Immunoglobulin G, or IgG, are antibodies that circulate through the blood and are selected for their ability to identify a pathogen with great specificity. Having an antibody that binds to the pathogen and only the pathogen is critical to prevent the immune system from destroying healthy tissue. IgG is produced by B-cells in your body’s germinal centers (lymph nodes, spleen, tonsils, etc.), and some of those B-cells are retained for a rapid response should you be exposed to the pathogen again. These retained cells are called memory B-cells and are part of your immune memory.

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Measuring IgG concentration is a way to monitor your immune system's status.​

Your immune system is the most important asset you have for fighting off an infectious disease. Even strategies such as vaccination, antiviral drugs, and monoclonal antibodies are designed to either buy time for, enhance, or “prime” your body’s own immune response. Most viral infections are ultimately beaten back by your own immune system. And each time it emerges triumphant, your immune system can “remember” the way it achieved victory, increasing the odds of prevailing against future invaders. When your immune system becomes sufficiently activated and engaged to generated IgG antibodies, you are referred to as having “seroconverted.”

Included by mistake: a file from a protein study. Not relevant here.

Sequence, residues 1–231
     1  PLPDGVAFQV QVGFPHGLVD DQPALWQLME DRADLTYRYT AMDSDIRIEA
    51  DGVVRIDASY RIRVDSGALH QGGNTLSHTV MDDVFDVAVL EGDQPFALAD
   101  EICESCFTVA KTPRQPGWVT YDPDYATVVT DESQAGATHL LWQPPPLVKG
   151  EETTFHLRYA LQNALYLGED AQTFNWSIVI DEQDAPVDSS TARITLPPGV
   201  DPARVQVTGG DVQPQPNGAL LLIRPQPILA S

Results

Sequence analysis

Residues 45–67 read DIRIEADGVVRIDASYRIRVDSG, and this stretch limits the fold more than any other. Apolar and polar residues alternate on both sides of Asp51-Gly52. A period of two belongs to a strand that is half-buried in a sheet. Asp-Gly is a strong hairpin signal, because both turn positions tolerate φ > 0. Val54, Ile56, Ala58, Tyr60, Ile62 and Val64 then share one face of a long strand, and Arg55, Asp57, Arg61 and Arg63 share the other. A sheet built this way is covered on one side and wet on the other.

However, because everyone’s biological makeup and history of infection is different, it is impossible to know how your immune system will respond to an infection, vaccination, or therapeutic without testing. IgG concentration in your blood is one indicator of how your body has responded, and can be used therefore to guide decisions about future actions, such as whether and when to get vaccinated, whether to avoid high-risk situations because you failed to seroconvert, or whether you had an asymptomatic infection in the past.

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IgG concentration could inform many clinical decisions if a quantitative test was readily available.

Traditional rapid antibody tests use a technology called LFA, or lateral flow assays. While these tests can give you some information in certain situations, in general they are of low utility because they are a “qualitative” tests – that is, they give you a “Positive” or “Negative” readout.

But making decisions like whether or when to get a booster shot requires a level of accuracy and precision that is not feasible with a qualitative test like LFA. And while there are traditional lab tests that can provide a semi-quantitative readout of IgG, these tests require a venipuncture and take days to report results. Finally, even those lab tests were not able to report standardized units because an international standard was only recently developed by the World Health Organization for COVID-19 antibodies.

We believe one reason that people have not actively managed their immune status is because there has not been a fast, easy, accurate, quantitative test that can give them the information they need. Brevitest’s Quantimmune™ System addresses that need, making is possible for your important decisions to be informed decisions.